So if we want to represent a rare event preceded by some pre-event states we could model it as a Markov chain using something like the below, where s represents the steady state distribution of P.

s=\left(\begin{array}{cccc}0.886\\ 0.025\\ 0.028\\ 0.058\end{array}\right),P=\left(\begin{array}{cccc}.95&.02&.02&.01\\ .6&.3&.1&0\\ .6&0&.3&.1\\.2&0&0&.8\end{array}\right)

The first row in P represents the ‘normal’ state. It mostly loops back into itself, occasionally transitioning to the other states. The last row is the ‘failure’ state, which mostly loops back to itself, but after a time it will go back to state one. The other two states are a “chain” that links the normal state to the failure state in one or more steps. These chains allow us to gradually move to the  failure mode, which is required to make predicting it possible.

Inverting the Steady State

The main goal here is to create some rare failure event data so we start by choosing s to assign a reasonable amount of probability to state 1 (say 80%) and a very small probability to the failure state (maybe 1e-5). The rest of the probability mass is randomly distributed over the other states. So we have something like this (values rounded for readability):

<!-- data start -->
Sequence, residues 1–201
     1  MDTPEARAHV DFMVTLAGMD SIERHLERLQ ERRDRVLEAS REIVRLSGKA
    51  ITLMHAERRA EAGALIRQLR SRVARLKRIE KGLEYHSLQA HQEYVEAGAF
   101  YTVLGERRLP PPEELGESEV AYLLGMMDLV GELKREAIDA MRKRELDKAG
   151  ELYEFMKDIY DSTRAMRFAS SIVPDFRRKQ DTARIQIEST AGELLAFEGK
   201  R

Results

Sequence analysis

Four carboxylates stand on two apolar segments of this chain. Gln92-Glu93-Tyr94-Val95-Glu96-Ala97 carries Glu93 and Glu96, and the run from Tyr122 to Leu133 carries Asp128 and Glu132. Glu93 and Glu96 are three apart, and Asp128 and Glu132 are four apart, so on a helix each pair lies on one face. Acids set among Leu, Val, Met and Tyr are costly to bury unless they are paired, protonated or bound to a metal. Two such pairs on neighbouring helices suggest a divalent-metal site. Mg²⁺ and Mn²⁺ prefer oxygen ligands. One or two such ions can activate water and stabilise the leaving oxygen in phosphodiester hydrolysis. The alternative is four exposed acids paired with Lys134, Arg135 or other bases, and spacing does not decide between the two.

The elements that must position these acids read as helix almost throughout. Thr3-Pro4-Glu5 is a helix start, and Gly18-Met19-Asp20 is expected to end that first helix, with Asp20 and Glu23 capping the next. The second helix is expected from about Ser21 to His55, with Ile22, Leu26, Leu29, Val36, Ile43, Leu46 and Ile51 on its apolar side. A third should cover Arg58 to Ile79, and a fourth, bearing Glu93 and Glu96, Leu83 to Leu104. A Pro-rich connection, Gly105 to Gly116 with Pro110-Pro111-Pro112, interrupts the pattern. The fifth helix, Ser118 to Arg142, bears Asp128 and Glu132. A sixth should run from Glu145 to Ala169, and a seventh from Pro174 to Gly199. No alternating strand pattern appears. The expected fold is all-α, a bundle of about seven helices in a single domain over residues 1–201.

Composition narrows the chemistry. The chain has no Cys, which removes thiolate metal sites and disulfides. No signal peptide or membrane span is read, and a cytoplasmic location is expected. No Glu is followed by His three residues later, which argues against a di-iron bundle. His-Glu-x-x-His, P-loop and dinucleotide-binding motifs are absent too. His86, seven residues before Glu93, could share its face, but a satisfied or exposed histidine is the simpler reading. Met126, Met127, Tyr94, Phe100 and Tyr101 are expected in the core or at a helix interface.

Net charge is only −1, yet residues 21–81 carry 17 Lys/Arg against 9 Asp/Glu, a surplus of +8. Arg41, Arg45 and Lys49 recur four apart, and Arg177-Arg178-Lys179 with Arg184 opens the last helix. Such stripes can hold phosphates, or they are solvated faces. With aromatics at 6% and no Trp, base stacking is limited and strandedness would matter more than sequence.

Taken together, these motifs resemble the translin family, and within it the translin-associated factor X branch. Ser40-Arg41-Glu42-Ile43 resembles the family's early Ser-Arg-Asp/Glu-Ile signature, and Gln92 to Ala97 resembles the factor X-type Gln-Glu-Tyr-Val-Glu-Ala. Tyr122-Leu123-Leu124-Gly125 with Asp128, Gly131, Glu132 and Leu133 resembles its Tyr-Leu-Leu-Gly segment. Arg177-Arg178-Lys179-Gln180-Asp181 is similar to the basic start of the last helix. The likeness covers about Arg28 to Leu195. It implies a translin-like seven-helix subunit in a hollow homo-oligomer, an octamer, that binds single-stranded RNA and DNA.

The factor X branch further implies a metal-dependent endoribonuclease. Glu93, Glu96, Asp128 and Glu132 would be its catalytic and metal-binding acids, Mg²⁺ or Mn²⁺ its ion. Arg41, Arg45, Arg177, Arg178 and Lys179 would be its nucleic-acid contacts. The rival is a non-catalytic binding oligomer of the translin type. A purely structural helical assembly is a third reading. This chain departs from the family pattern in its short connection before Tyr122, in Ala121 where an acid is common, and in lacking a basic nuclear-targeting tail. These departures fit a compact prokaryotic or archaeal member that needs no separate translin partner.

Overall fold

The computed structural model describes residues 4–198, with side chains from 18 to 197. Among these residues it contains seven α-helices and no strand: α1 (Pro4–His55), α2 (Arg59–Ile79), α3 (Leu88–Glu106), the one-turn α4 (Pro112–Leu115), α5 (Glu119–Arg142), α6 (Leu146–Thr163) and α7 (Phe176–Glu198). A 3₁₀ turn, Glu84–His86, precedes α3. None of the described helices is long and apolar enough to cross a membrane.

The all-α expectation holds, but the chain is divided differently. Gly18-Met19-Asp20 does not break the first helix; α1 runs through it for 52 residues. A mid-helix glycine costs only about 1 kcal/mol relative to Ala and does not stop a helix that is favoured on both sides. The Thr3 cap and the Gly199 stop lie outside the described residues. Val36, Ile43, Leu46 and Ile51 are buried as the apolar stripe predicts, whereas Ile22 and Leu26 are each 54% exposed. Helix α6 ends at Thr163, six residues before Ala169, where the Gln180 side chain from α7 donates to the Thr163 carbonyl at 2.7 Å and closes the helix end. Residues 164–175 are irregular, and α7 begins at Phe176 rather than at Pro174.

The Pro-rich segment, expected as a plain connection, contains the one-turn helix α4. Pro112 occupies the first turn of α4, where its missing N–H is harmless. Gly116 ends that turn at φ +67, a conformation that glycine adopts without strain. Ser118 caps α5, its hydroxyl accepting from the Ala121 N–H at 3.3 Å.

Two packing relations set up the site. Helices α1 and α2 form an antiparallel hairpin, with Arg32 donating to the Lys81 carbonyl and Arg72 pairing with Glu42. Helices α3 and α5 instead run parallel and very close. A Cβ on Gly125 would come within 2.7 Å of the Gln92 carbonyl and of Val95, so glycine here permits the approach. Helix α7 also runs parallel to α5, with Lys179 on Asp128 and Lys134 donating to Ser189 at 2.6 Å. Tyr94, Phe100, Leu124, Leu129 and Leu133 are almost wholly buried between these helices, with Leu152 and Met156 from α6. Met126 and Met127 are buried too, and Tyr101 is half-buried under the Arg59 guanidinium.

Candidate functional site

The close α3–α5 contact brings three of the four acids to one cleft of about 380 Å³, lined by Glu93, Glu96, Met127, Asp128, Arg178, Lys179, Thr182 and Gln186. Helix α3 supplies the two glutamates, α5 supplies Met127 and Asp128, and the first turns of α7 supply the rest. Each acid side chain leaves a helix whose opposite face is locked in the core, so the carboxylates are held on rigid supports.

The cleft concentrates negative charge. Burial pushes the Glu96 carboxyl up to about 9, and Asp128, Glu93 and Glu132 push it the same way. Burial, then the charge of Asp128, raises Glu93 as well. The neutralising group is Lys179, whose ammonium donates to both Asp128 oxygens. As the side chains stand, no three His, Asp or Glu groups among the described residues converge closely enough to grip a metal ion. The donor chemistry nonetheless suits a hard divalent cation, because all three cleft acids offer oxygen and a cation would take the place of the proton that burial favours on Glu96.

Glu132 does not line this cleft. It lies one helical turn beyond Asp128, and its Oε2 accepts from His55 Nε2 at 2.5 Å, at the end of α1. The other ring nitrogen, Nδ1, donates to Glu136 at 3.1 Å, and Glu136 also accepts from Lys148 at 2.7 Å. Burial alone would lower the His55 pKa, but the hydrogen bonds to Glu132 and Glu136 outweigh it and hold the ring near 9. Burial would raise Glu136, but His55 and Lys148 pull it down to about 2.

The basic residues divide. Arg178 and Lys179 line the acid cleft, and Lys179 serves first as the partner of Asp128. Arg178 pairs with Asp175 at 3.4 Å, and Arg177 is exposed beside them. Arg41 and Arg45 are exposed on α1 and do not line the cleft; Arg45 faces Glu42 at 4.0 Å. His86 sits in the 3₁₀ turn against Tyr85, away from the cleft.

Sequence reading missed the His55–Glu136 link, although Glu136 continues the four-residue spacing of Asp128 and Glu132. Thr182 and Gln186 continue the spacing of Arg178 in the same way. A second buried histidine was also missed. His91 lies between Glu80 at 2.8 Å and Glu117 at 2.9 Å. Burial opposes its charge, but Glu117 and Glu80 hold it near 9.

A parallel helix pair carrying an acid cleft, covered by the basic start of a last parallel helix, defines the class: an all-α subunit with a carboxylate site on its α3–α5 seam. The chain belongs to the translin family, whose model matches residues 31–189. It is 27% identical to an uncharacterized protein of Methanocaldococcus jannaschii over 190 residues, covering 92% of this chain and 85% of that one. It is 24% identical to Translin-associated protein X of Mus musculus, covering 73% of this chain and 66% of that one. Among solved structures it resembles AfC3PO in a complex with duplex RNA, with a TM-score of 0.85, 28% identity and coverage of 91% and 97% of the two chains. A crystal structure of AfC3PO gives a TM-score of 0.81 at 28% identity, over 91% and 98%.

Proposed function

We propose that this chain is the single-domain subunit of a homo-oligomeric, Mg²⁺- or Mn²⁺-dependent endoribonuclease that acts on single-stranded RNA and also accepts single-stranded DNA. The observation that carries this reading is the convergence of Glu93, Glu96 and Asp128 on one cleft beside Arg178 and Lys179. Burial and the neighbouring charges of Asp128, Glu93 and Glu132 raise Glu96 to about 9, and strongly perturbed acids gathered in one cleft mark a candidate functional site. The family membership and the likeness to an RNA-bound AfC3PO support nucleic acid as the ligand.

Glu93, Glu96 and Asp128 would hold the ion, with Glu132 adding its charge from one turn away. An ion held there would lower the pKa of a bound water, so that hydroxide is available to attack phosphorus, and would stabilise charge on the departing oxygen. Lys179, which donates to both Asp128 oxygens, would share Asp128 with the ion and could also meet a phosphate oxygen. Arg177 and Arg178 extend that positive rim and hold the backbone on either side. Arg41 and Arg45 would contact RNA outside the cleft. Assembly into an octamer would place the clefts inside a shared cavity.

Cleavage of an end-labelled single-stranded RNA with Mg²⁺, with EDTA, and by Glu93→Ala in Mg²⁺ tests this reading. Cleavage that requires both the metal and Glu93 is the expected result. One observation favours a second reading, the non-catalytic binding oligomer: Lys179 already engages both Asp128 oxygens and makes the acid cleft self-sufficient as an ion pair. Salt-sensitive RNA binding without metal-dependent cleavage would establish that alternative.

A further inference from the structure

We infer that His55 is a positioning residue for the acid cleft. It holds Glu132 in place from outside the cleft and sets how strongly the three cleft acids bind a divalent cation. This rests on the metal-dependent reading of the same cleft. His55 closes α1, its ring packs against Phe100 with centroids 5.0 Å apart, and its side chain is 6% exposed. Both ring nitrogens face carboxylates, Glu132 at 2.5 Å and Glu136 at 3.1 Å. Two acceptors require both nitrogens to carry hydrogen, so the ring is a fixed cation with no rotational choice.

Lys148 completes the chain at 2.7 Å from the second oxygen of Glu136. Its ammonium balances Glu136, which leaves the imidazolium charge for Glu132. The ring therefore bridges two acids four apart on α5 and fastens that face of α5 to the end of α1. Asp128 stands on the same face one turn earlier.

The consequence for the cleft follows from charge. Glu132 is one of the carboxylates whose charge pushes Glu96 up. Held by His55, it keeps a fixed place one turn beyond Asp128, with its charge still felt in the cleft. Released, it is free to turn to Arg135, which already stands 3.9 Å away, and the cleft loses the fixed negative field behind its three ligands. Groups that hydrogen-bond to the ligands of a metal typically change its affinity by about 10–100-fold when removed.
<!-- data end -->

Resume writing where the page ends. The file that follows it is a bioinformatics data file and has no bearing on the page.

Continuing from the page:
s=\left(\begin{array}{cccc}.8\\ .16673\\ .03326\\ .00001\end{array}\right)

So the question is, can we build a transition matrix P such that s is the steady-state vector?

It turns out that this is an under-constrained problem and there may be many solutions, if one exists at all.

Rules of Thumb

1. P must be irreducible – A Markov chain is reducible if a state s_i exists that is inaccessible from some other state s_j.  In other words it has more than one non-communicating equivalence class. A reducible Markov chain will, in general, have multiple steady state distributions. Not good for our purposes.

2. P must be strongly connected – Assuming an irreducible Markov chain, in order for a unique stationary distribution to exist we require that all states be positive recurrent. A state is positive recurrent if the expected value of the recurrence time (the number of transitions until the state is re-entered) is finite. This is equivalent to the requirement that the graph be strongly connected. The graph is strongly connected if every state is reachable from every other state.

3. No zeros in target distribution – Given all of our previous requirements, if a stationary distribution \boldsymbol{s} exists for some P, then it must be the case that all s_i are strictly positive, so we cannot allow any zeros when setting up our target distribution.